She was wearing skinny jeans, a fashionably oversized white t-shirt, and heels.

"Bouillabaisse," he said, ladling a spoonful and feeding her. "Careful it's hot."

She blew on the spoon, tasted it.

"Wow. That's amazing. I had no idea you could cook, House."

"I think it needs more saffron," he said, wrinkling his nose.

He was drinking a glass of pinot grigio.

"Want some?" he asked.

She shrugged.

"Sure. Why not."

He poured her a glass.

"I already hid all my porn and my Monster Truck magazines," he said breezily. "Anything else scream, 'Guy who hasn't dated in 8 years and only sleeps with skanks' to you?"

She looked around the apartment. It was clean and well-decorated, in an understated but masculine way. The medical texts combined with the piano and guitar, plus a few well-placed framed black and white photographs, seemed to suggest that he was smart but sensitive. Which, she supposed, in his own screwed up way, he was.

"It's a certified den of seduction," she said.

He laughed.


"You might throw in a plant, next time. It would say: I can take care of a living thing."

"The only living thing in this apartment is my yogurt," House said.

She chuckled, looked at her watch.

"I should, uh, probably go. . ."

"No! Stay. Finish your wine. She won't be here for another hour."

He turned the burner down.

"I've got to let this simmer for a bit anyway," he said.

"Okay," Cuddy said.

She sat down on the couch and he put on a Miles Davis CD, then sat next to her.

They sat in a comfortable silence, both drinking their wine and listening to the music.

A few minutes later, his phone rang.

"Hi babe," he said into the phone. "Oh no… you're kidding. Do you want me to come over? I can pick up some medicine. Bring you chicken soup—well, fish soup from Provence, but close enough."

Cuddy looked at him out of the corner of her eye.

"Okay. . .yeah. I understand. Absolutely. . .Feel better. I'll call you tomorrow."

He hung up.

"So much for my big dinner date," he said, looking pitiful.

"Karen's sick?"

"Some sort of stomach bug," he said. "Damn."

"That sucks," Cuddy said. "Sorry House."

"Hungry?" he said, perking up.

"What? You want me to stay for dinner?"

"It shouldn't go to waste," he said.

"Just freeze it. You can recreate this night when she feels better."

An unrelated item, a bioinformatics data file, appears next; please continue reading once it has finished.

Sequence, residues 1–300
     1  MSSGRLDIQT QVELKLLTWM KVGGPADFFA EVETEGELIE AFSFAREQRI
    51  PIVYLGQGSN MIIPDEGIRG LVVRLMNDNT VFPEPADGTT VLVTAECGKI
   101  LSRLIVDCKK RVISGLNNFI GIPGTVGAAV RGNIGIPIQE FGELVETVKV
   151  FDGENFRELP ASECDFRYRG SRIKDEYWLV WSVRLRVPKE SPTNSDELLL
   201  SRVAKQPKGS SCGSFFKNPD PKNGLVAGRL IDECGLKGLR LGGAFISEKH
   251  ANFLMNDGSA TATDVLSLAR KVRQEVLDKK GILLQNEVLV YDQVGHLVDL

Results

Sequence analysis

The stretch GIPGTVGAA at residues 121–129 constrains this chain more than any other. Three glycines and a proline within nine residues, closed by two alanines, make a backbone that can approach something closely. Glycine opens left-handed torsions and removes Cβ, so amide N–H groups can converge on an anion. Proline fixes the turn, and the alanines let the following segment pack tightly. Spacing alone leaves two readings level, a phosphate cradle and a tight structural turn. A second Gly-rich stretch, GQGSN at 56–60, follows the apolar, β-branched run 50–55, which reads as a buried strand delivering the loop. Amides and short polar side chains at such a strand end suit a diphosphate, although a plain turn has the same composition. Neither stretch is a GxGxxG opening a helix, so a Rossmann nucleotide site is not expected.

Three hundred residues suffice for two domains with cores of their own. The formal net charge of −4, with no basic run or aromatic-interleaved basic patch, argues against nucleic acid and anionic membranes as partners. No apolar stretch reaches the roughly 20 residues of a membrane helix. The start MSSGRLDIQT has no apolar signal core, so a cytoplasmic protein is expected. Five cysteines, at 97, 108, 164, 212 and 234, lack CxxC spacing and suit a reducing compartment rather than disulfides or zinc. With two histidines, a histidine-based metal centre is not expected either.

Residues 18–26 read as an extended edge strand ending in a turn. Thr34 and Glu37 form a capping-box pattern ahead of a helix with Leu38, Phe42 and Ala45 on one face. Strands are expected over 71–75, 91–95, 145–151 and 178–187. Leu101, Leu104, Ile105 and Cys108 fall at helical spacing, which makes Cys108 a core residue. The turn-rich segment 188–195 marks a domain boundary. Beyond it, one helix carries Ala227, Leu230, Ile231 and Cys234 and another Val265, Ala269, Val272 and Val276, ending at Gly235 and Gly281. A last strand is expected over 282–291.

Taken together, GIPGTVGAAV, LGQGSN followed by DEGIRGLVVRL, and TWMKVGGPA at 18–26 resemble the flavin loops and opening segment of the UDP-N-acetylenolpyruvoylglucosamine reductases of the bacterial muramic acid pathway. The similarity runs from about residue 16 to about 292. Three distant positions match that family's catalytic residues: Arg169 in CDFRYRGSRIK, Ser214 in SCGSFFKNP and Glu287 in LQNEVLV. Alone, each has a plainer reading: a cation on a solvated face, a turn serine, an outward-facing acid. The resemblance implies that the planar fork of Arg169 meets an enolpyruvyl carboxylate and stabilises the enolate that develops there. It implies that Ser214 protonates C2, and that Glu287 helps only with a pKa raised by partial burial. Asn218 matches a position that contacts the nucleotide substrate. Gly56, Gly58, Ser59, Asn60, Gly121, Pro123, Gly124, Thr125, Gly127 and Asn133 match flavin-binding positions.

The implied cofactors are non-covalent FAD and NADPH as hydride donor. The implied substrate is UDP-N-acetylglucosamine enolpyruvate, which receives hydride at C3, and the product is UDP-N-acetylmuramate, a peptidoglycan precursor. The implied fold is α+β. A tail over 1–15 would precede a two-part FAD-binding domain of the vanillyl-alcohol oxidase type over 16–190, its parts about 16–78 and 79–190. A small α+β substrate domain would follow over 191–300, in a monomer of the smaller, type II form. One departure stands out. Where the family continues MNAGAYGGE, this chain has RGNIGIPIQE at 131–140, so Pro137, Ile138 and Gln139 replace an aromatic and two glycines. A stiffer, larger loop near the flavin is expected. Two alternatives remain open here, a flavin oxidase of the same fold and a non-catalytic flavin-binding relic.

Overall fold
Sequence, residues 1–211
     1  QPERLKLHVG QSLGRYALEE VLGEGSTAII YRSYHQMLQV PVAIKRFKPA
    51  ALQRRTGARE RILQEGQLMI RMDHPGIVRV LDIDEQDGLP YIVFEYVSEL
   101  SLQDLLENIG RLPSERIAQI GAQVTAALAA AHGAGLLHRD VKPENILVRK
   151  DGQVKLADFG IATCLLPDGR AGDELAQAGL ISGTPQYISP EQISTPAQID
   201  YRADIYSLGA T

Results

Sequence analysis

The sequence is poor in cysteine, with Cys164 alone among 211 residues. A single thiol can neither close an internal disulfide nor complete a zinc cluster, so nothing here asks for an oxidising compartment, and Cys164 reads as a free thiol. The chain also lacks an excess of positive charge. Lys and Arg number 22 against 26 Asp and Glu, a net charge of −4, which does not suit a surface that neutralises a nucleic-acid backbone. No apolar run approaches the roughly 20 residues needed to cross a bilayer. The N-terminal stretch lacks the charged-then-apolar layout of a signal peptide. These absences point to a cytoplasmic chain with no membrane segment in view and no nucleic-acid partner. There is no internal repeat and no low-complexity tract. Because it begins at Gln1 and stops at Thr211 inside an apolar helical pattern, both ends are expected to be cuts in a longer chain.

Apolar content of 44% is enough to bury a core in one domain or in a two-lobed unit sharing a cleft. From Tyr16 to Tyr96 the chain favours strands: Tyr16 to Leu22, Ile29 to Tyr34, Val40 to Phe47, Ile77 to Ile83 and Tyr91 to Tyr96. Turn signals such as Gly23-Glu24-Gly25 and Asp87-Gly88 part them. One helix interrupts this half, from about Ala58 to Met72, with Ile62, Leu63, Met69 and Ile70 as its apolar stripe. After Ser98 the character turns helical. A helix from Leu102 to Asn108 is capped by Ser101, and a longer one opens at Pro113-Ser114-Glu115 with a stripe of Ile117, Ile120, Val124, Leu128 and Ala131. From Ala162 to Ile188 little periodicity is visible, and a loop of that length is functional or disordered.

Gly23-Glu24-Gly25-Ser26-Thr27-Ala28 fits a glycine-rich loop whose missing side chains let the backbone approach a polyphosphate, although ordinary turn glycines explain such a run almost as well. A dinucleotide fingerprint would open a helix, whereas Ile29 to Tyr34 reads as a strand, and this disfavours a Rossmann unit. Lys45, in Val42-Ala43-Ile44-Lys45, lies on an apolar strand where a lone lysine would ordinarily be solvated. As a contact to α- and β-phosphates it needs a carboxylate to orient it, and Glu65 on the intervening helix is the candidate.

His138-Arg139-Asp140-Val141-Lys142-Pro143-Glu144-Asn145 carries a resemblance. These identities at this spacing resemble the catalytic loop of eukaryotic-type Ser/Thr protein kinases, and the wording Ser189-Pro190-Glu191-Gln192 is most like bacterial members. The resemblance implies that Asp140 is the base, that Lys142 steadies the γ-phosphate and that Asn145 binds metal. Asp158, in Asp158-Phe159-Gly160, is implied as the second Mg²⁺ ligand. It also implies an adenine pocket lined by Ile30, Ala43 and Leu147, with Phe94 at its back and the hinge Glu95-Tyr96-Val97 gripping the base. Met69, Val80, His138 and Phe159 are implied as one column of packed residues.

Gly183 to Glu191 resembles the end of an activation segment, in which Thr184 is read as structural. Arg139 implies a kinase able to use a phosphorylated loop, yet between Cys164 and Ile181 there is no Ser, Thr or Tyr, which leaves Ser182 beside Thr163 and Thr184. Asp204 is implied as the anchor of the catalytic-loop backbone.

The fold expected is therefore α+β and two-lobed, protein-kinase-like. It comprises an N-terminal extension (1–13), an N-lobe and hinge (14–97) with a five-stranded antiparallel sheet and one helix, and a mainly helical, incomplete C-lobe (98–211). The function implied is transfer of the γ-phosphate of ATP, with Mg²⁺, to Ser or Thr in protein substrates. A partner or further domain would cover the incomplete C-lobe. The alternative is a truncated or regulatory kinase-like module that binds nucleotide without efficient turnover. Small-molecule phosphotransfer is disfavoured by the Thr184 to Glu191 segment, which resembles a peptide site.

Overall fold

"No. . . half the joy of this dish is the way it makes the apartment smell when you're cooking it," he said.

"It does smell great," she admitted.

"So stay. . .Unless you have other plans."

She hesitated.

"Nope. No plans."


They finished the pinot grigio and then polished off a bottle of rose. House asked for Cuddy's help with the dishes.

"Some host you are," she said.

"Hey, it's not our one month anniversary," he said.

He washed, she dried.

When they were done, she smiled at him.

"I had fun tonight," she said. She went to grab her purse, as if getting ready to leave.

"Don't go," he said. "I want to show you something first."

He limped into the bedroom and indicated that she should follow.

"I took your advice," he said.

There was a box on the bed. He opened it. Tucked underneath folds of tissue paper, was a champagne-colored silk teddy. It looked expensive.

"It's pretty," she said, lightly fingering the silk.

"You and Karen are roughly the same size," he whispered to her.

"Is that a fact?" she said, flirtatiously.

"Try it on."

Until this moment they had been two friends having dinner, flirting a little, as they always did, nothing out of the ordinary. But now in the dim light of his bedroom, with the slightly inebriated huskiness of his voice, and the somewhat intense way he was looking at her, she felt her face get hot.

"I don't think Karen would take kindly to me trying on her lingerie," Cuddy joked.

"Then it's yours," he said.

"No, it's. . . hers," Cuddy stammered.

"It'll look a lot better on you," House said.

And he lifted the bottom of her shirt and his finger lightly grazed her stomach.

"House, what are you doing?" she asked.

"Take off your clothing," he said.

"I feel like Karen's understudy," Cuddy said, still trying to make light.

He ignored her. Took hold of her t-shirt and, with one quick motion, pulled it over her head. She was just wearing her black bra now, and jeans.

She felt vulnerable and foolish and deeply aroused all at the same time.

"House . . ." she said.